Farming the Old-Fashioned Way with Shire Horses
The owner of Higher Biddacott Farm near Barnstaple in Devon has turned his back on modern technology. Jonathan Waterer cultivates 100 acres of land using shire horses instead of tractors!
Where Time Has Stood Still
Time appears to have stood still on the idyllic farm. 5 huge shire horses pull the ploughs and Mr Waterer has not invested in any expensive agricultural machinery. The horses each stand over 18 hands tall and weigh nearly a ton. They are considerably cheaper to use than fuel thirsty tractors and are far more environmentally friendly. This type of ploughing requires grass and oats rather than costly diesel!
Jonathan Waterer purchased traditional farming equipment form Amish people in Ohio, US. It is pulled efficiently by the shire horses who possess incredible stamina and can cover up to 10 acres in a single day. They can work well into their 20’s and so provide an amazing service to the enterprising farmer who has owned the farm for 21 years.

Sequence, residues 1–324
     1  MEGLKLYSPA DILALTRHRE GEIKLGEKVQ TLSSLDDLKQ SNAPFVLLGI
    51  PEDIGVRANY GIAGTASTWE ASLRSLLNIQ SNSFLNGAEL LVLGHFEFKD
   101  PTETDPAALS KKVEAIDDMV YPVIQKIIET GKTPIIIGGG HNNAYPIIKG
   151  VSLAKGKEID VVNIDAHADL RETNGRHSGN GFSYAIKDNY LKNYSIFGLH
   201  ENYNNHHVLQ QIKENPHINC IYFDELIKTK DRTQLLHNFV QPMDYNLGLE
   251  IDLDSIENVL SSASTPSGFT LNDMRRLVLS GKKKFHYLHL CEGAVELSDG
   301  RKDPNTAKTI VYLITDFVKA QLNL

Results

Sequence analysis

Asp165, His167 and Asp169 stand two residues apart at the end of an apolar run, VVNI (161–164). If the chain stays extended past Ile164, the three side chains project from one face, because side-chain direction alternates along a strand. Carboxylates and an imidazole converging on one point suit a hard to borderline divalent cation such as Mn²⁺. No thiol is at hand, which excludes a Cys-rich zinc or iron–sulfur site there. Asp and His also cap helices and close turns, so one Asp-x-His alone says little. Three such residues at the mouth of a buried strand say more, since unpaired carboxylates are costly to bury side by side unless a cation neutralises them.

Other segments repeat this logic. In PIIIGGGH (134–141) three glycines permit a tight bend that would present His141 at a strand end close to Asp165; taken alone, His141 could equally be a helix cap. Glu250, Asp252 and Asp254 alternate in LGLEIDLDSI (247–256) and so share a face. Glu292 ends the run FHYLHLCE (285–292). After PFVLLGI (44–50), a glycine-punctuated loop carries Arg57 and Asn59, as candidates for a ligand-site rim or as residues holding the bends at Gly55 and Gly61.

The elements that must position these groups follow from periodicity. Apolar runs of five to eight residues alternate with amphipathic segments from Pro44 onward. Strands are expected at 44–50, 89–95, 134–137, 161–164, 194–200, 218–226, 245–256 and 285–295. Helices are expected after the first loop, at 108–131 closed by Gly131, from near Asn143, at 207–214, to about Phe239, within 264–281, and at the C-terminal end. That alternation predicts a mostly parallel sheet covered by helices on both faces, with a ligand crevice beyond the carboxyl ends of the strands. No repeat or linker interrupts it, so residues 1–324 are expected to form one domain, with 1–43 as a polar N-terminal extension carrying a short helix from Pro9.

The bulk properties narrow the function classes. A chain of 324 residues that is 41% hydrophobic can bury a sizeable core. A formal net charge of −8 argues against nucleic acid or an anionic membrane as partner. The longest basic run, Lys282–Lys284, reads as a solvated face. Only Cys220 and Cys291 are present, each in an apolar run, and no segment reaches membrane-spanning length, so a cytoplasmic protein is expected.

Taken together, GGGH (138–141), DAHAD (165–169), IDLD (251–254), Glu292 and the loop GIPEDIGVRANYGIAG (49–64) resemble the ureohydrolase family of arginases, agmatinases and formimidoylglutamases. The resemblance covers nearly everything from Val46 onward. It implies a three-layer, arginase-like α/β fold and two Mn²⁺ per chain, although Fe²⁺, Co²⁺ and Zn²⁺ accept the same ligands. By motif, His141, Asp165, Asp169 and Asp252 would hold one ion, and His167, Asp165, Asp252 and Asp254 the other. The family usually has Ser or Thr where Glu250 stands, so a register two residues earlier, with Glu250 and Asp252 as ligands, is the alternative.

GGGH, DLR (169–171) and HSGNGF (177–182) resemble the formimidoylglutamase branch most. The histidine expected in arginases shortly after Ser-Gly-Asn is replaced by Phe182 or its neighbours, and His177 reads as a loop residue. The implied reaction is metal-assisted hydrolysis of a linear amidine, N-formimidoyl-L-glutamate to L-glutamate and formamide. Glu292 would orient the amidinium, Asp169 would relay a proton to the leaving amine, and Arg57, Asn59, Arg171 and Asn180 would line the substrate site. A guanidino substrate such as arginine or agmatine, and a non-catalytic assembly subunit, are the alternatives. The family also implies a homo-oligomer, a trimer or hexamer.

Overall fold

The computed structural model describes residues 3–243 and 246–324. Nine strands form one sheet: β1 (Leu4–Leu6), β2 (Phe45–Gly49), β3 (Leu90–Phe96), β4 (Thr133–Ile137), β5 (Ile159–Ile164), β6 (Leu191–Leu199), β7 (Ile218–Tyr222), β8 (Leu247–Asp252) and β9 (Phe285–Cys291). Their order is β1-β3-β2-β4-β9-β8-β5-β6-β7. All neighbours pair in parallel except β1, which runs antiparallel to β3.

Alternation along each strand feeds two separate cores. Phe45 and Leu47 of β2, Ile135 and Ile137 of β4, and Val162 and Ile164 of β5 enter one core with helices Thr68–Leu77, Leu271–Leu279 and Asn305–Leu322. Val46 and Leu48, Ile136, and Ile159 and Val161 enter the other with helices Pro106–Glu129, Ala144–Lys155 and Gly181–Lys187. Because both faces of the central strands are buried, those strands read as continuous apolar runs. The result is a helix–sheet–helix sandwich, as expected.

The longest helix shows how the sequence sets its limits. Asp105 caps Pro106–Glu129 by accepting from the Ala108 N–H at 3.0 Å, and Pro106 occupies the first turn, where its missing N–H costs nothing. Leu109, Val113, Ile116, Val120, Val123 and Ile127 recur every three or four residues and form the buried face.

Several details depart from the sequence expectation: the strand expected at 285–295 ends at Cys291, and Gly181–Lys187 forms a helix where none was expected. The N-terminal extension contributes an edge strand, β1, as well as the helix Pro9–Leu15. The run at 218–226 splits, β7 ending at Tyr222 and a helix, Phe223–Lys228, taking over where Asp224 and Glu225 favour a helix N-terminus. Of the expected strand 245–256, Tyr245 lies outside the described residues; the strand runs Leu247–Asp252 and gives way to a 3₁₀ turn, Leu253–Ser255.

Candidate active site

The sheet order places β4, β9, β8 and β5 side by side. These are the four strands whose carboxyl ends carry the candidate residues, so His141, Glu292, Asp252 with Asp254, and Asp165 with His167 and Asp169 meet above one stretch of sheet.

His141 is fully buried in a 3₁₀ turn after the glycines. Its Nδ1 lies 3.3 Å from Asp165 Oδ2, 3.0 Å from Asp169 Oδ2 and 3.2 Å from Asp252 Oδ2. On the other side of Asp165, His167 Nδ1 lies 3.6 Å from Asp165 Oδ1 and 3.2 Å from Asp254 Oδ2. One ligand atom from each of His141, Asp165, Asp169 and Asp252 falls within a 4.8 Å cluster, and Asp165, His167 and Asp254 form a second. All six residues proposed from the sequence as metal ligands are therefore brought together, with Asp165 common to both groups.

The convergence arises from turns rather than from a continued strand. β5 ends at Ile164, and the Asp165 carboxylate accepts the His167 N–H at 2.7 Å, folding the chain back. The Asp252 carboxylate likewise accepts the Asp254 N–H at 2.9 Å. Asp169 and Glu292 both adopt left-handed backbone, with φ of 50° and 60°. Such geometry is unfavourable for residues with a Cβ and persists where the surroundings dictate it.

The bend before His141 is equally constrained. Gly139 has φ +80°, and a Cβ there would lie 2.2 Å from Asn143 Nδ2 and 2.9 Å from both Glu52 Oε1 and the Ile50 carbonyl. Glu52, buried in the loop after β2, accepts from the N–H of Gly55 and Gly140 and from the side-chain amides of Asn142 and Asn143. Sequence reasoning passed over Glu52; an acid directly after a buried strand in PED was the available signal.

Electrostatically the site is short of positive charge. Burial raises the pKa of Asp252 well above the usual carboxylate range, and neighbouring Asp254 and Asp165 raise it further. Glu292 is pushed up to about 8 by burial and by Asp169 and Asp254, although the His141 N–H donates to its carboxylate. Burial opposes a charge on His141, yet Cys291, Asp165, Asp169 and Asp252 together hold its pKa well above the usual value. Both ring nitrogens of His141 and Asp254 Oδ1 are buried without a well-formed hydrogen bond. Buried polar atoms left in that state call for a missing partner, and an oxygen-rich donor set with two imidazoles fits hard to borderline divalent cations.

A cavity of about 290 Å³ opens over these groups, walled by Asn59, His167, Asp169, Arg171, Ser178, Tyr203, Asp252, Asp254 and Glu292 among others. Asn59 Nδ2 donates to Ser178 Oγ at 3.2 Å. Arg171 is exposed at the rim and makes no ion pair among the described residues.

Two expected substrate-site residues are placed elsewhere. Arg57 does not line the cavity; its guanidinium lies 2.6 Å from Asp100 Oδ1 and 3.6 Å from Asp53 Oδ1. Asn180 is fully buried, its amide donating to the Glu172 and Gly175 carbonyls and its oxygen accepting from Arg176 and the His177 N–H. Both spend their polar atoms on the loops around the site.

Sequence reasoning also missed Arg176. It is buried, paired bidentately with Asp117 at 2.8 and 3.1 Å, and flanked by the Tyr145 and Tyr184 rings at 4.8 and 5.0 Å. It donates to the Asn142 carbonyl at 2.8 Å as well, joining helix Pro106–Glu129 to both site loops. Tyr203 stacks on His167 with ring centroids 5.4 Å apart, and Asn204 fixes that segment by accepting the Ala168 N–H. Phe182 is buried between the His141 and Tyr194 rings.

Tractors and Drivers
The farmer next door uses four tractors and these require four workers to operate them. All of that machinery and manpower covers the same ground as the five horses but at much greater expense.
Stars of the Small Screen
The Shire horses of Biddacott Farm are also television stars as they have appeared in Pride and Prejudice, Vanity Fair, Lark Rise to Candleford, Tess of the D'Urbervilles and Poldark. Mr Waterer is an expert in their care and regularly breaks in horses for other owners. He has worked with horses since he was a small child and has no intention of changing his ways.
Amazing Shire Horses
There are only a handful of farms in the country which continue to use shire horses to plough the land. This traditional method of farming is more time consuming than using a tractor but more economical and characterful. The horses do not pollute the atmosphere with harmful emissions and they are an amazing sight.
So, have traditional farmers got it right? Is the old-fashioned way actually the best way? Perhaps some forms of progress aren’t progress at all!